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Stock# 60201
Description

Detailed battle plan and view of the Town and Castle of St. Augustine, and the English Camp, showing the attacking forces of General James Oglethorp, during the English siege of St. Augustine in the Summer of 1740, based upon a manuscript map drawn by Thomas Silver.

Contemporary pictorial military plan of the siege of St. Augustine by the English. The long key and description below provide details of the British forces, consisting of colonial troops and Indians under General Oglethorpe and British seamen under Captain Warren. Defending St. Augustine were about 1,000 Spanish troops protected by their fortress-castle.

St. Augustine is one of the oldest continuously inhabited settlements in North America. Over its history, St. Augustine changed hands several times. In 1702, the English sacked the Spanish controlled St. Augustine, destroying the town and fort. The Spanish inhabitants reconstructed the town and fort, while British withdrew to the north and constructed Fort King George, which was less than 100 miles from St. Augustine, in 1721. In response to British expansion, Governor Benavides appointed Francisco Menendez to organize former slaves from British colonies into a militia company, now officially recognized as Florida's first National Guardsmen. He paid Yamassee and Creek Indians to attack the fort. British Colonel John Palmer led a force of Carolinians into Florida to attack the Yamassee Indians, and burned the original Mission Nombre de Dios.

In 1733, the British founded Savannah, in the newly formed Georgia Colony. Manuel de Montiano replaced Francisco del Moral Sanchez as governor in 1737. With the assistance of a military engineer, Antonio Arredondo, Montiano prepared for the British invasion, requesting help from Cuba. Arredondo built bomb-proof coquina rooms inside the Castillo, rebuilt the mission, and completed a tall watchtower.

In 1739, England declared war against Spain (the "War of Jenkin's Ear"). Robert Jenkins, captain of the ship Rebecca, claimed that the Spanish coast guard had severed his ear. In 1738 Jenkins exhibited his pickled ear to the House of Commons. The Brtish Prime Minister, Robert Walpole, declared war on October 23, 1739. In 1740, Georgia's Governor Oglethorpe sailed south and captured the two small forts guarding St. Augustine. In May, Oglethorpe returned with an army of some 1,500 men and a naval force under the command of Vincent Pierse. On June 23, Oglethorpe positioned cannons and mortars near present-day Vilano Beach and Anastasia Island, and had his naval force block the inlet. For the next 27 days, the English fired upon the city of St. Augustine. On the night of June 25, Montiano launched a surprise attack on the British garrison occupying the captured fort, killing 111 English Troops at Fort Mose. Oglethorpe sent Montiano a formal demand that he surrender the city to the British.

Faced with a lack of annual subsidy for the past two years, Governor Montiano wrote Cuba about his new plan to arm a ship as a privateer. " Montiano decided it would be the best way to provide food for the city of St. Augustine. In October, St. Augustine's privateers sailing aboard the Campeche, captured a ship filled with rice off Charleston, South Carolina. By the end of the year, more than forty English ships had been captured and their cargoes sustained the Spanish population.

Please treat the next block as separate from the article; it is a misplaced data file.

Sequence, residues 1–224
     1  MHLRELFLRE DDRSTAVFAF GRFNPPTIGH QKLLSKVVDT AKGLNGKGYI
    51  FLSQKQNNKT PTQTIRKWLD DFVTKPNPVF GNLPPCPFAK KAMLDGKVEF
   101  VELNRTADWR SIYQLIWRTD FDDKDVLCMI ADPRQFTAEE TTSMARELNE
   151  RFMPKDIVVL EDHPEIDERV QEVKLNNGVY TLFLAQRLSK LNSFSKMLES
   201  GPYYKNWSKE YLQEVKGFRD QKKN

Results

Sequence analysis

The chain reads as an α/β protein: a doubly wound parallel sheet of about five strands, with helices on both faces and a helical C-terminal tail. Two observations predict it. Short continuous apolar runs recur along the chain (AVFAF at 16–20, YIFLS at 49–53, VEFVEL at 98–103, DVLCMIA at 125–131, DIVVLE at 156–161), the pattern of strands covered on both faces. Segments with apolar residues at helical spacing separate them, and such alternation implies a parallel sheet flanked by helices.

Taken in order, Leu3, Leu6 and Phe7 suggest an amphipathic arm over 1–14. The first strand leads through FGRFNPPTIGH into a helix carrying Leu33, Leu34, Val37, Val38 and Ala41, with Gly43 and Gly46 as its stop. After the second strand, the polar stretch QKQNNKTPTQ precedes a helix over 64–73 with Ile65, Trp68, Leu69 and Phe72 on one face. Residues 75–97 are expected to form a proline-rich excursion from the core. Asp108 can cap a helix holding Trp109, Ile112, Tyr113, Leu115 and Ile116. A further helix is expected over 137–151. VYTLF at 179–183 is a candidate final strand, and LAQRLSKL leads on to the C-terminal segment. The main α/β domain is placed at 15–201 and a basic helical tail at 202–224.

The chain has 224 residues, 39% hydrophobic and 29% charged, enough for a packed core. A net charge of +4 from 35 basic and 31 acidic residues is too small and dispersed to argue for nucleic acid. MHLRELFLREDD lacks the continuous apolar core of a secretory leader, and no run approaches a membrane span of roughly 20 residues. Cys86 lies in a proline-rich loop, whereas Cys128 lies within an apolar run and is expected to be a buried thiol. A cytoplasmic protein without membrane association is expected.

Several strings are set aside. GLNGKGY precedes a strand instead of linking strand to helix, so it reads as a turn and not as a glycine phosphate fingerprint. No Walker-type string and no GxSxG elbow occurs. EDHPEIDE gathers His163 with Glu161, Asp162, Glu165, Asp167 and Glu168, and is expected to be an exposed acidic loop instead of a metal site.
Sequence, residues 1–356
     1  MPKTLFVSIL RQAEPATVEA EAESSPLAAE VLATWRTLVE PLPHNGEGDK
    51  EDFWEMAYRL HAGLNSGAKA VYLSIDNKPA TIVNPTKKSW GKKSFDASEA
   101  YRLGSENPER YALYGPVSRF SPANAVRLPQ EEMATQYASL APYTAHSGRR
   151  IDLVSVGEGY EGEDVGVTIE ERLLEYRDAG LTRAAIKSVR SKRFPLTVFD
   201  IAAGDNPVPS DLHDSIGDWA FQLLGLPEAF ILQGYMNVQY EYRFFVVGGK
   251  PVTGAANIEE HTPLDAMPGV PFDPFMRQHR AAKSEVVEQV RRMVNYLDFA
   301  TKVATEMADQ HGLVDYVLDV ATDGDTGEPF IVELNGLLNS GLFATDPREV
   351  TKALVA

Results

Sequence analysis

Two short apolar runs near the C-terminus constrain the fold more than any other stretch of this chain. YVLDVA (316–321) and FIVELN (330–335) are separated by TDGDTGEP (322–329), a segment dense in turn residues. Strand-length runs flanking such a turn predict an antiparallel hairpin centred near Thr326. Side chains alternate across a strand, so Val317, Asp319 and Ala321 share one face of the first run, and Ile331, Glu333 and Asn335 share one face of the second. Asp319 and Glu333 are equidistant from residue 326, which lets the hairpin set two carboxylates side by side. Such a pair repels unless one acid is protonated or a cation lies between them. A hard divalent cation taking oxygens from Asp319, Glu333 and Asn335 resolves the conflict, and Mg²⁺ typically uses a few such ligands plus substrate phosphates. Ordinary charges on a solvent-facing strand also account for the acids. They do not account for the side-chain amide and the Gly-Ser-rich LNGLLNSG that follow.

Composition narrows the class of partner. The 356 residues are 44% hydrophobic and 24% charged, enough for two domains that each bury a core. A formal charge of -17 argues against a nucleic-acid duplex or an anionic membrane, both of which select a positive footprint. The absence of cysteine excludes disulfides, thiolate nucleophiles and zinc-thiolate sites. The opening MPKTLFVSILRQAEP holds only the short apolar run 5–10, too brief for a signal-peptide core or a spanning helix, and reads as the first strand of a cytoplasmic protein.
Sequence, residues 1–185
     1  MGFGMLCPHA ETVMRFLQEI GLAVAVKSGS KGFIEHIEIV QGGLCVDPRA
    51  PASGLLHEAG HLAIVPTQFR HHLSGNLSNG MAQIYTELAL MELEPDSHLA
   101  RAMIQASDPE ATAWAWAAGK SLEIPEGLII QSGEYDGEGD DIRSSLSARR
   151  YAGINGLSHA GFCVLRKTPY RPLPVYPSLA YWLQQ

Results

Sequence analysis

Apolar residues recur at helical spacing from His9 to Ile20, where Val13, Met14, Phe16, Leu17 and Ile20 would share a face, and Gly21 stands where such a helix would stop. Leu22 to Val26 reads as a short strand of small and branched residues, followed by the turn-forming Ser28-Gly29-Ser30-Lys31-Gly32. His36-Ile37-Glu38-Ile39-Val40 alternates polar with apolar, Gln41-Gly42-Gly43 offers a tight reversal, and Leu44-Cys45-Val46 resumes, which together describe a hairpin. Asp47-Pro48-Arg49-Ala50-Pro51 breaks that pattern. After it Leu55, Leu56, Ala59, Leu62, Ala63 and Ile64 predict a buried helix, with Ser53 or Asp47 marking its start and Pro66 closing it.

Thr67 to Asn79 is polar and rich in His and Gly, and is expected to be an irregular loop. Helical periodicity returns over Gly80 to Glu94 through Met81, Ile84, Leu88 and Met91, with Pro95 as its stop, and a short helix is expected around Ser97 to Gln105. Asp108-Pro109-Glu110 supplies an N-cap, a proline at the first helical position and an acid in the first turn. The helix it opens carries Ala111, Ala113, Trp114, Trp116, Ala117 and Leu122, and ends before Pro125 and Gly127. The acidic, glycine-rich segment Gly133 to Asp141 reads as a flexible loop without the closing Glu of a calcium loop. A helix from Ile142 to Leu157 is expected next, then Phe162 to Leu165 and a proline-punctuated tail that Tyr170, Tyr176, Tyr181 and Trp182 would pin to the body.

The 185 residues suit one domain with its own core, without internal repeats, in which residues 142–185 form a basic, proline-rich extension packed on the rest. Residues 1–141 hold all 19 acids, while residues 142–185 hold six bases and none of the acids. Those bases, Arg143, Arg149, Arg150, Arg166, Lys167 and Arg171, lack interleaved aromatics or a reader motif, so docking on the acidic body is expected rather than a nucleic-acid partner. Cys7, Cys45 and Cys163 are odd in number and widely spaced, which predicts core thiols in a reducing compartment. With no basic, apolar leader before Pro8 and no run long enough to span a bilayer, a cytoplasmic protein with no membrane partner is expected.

Montiano soon learned that seven supply ships sailing from Cuba had managed to elude the British and were at Mosquito Inlet, about 70 miles to the south. Within days, these small boats delivered supplies needed to re-fill the nearly empty storehouses at the Castillo. On July 20, the Spanish defenders of St. Augustine awakened to find their enemies had vanished during the night. Oglethorpe's attack had only killed two Spanish soldiers, and the naval force under Pierse had given up and left.

In 1740, the Spanish built Fort Matanzas to protect the southern border. Governor Montiano then launched an attack on the British at Fort Frederica The resulting Battle of Bloody Marsh ended in a serious defeat for the Spanish forces. Governor Oglethorpe then decided it was time for another attack on Spanish Florida. In 1743, he brought his army quickly southward in an attempt to catch the Spanish off guard. Unable to draw the Spaniards from their defenses, Oglethorpe eventually gave up and returned to Georgia.

 

Reference
Jolly, D.C. (Brit Per) GENT-12.
Gentleman's Magazine Biography

The Gentleman’s Magazine was a British publication that helped to normalize the use of maps in support of articles and features. It was founded in 1731 by the prominent London publisher Edward Cave, a pioneer in periodical journalism. The magazine continued in print for nearly two centuries, shuttering production in 1922.

This was the publication which first used the word “magazine”, from the French for storehouse. Cave wanted to create a storehouse of knowledge and he employed some of London’s best writers to fill his pages: Samuel Johnson gained his first regular employment by writing for the Gentleman’s Magazine. Other famous contributors included Jonathan Swift.

The publication covered a broad range of topics, from literature to politics, and, from 1739, frequently used maps as illustrations. The first map they printed was a woodcut of Crimea; the second was a fold-out map of Ukraine by Emanuel Bowen. Maps were used to show battle lines, to chronicle voyages, and to educate about areas with which Britain traded. Certain geographers, like Thomas Jefferys, contributed several maps to the publication.